Rival Thai leaders are both claiming themselves to be Thailand’s next prime minister after Sunday’s general election failed to produce a clear, independently-verified winner. Former Prime Minister Thaksin Shinawatra, who was exiled from power in 2006, says the election results were “manipulated” by the military to ensure it holds onto power. The pro-army Palang Pracha Rath Party (PPRP) performed better than expected to win the majority of votes, although the pro-Thaksin Pheu Thai Party held more seats. PPRP plan to keep coup leader Prayuth Chan-ocha in power – he was army chief when he ousted the Pheu Thai government in 2014.
The country’s electoral commission has been heavily criticised after refusing to release official results over the poll irregularities.
Electoral commission official Nat Laosisawakul said “human error” was behind the vote irregularities but the full vote counts would be released on Friday.
Pheu Thai Party is now threatening legal action as a result of the political stalemate.
Sudarat Keyuraphan, a candidate for prime minister of the party, told reporters: “There are irregularities in this election that we’re not comfortable with. These affect the nation’s credibility and people’s trust.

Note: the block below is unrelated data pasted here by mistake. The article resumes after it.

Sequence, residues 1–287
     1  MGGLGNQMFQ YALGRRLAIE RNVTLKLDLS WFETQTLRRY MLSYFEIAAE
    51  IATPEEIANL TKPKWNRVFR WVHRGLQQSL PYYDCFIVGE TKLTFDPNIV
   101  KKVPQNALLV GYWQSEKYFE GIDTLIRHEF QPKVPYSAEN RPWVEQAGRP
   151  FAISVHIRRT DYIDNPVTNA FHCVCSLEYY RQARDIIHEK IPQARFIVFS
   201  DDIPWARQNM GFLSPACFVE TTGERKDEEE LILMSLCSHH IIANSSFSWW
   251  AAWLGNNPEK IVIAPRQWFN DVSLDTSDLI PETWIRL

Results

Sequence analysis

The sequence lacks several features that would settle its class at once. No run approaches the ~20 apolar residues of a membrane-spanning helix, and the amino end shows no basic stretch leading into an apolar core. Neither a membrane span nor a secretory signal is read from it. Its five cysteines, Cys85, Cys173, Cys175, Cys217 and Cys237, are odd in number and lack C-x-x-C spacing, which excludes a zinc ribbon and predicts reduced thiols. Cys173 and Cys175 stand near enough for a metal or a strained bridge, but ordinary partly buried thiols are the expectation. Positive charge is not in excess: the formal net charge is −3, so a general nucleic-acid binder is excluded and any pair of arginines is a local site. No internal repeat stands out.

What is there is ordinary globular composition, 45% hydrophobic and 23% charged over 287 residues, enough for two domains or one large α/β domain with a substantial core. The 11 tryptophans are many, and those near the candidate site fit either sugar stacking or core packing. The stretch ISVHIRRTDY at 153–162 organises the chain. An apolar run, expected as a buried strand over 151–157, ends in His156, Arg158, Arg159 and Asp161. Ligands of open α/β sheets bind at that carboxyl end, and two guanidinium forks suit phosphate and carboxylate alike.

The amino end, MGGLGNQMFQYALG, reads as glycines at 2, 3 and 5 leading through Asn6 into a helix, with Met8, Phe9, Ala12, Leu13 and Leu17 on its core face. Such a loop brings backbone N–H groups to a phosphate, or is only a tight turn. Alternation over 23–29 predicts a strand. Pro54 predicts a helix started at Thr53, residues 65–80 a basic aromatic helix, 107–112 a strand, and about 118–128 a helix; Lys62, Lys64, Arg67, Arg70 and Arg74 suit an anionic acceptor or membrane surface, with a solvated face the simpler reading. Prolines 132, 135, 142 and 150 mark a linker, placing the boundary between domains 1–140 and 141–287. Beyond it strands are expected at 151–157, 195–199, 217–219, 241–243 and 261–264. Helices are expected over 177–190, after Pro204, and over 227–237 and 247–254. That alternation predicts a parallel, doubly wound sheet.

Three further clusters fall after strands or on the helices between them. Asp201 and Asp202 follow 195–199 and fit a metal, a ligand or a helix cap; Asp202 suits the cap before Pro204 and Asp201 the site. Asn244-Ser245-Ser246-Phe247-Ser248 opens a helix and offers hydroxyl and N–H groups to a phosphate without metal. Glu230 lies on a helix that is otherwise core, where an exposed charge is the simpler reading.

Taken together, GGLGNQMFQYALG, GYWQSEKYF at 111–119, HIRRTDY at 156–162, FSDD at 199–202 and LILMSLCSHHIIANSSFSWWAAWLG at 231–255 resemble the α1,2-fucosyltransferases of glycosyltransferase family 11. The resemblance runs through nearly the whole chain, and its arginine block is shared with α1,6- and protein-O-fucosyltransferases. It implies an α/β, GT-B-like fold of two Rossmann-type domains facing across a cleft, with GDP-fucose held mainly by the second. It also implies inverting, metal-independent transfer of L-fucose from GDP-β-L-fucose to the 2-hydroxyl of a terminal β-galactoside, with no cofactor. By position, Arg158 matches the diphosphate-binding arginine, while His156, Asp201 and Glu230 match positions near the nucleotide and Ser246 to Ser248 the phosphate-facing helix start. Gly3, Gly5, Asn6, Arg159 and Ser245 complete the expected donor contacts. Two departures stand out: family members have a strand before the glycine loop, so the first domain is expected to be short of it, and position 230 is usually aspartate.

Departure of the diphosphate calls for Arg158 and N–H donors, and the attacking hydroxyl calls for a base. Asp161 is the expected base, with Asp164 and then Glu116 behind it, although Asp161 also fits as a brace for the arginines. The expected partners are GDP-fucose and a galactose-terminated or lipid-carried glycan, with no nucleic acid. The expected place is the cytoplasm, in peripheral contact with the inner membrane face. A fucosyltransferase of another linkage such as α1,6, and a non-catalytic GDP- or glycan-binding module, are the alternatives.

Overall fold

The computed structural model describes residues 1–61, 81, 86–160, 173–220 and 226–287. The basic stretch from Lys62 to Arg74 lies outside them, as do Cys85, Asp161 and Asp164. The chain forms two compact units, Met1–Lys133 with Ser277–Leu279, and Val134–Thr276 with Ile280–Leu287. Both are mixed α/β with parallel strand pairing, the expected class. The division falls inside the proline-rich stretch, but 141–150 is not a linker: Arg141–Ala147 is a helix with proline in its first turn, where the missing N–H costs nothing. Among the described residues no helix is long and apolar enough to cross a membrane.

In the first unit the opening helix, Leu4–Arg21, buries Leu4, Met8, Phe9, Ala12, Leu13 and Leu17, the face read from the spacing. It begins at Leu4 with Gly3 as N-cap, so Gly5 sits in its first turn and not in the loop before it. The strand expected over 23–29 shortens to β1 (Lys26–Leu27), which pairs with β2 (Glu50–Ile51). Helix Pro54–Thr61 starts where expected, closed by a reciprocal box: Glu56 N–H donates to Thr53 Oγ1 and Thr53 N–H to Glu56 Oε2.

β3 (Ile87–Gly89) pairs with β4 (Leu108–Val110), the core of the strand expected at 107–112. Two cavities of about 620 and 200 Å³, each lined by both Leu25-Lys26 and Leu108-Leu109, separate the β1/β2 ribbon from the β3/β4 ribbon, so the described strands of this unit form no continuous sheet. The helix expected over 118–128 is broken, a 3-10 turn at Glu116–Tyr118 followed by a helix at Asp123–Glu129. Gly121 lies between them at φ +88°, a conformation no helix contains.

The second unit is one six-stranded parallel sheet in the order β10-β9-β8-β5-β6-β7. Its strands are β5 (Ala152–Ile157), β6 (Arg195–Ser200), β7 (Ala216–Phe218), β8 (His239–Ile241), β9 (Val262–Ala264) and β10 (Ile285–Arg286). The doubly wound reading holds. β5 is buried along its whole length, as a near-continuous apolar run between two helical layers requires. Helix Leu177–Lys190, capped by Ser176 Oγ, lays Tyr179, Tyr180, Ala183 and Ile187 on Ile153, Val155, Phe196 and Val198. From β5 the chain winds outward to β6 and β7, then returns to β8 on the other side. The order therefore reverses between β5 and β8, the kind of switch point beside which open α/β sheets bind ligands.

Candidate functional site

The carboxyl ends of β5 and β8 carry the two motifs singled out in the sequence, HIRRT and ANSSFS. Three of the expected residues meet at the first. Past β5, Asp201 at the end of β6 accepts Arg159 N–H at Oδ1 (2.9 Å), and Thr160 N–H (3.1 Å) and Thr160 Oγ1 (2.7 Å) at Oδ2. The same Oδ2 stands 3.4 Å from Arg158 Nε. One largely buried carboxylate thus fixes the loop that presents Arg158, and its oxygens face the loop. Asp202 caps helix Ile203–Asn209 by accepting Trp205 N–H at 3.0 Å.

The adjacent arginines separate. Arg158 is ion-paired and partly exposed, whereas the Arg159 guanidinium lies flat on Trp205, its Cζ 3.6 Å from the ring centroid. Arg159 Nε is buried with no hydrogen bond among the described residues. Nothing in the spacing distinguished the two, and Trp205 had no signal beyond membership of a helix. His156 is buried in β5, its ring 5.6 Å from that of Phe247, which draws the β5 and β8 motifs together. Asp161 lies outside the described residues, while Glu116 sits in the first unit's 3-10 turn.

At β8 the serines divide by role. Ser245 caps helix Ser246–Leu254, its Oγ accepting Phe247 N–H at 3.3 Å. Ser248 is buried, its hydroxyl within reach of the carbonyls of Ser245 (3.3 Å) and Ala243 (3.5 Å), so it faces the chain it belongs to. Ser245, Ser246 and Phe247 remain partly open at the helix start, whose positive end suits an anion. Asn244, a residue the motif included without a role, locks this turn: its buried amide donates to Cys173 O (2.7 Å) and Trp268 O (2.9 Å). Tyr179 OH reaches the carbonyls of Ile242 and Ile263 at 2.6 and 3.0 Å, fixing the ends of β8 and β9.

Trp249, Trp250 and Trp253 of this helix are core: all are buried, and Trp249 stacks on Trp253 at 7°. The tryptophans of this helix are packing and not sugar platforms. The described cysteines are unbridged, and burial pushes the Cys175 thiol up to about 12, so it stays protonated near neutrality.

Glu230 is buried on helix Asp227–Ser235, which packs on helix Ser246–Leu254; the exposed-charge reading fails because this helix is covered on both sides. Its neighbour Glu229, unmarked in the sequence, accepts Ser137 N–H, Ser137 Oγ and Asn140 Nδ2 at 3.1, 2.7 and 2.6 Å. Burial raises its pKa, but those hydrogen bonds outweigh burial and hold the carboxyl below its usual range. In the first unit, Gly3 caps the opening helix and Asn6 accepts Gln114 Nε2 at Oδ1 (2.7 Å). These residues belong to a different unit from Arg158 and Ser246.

“We’ve voiced our concerns before for vote-buying, abuse of power, and cheating. All three have manifested. We will fight back through legal means.”
Thaksin accused his opponents of massaging the result in an opinion piece for the New York Times.
He wrote: “I knew that the junta running Thailand wanted to stay in power, but I cannot believe how far it has gone to manipulate the general election on Sunday.”
What are the results so far?
Unofficial results show Phew Thai leading with 137 seats to PPRP’s 96 seats in first-past-the-post polling in the 500-strong House of Representatives.
Other parties have secured between 30 and 39 seats each.
However, the results of the remaining 150 seats are yet to be revealed and will not be released until May 9.
Those seats will be allocated based on a calculation of voter turnout.
However, they will not be ready by Friday when the electoral commission makes its announcement.
The results showed a turnout of 70 percent, far less than had been anticipated in the build-up to polling day.
Many Thai people have complained of vote rigging on social media.
A change.org petition has been launched to impeach the election commission.
Almost 600,000 signatures had been gathered by Monday evening.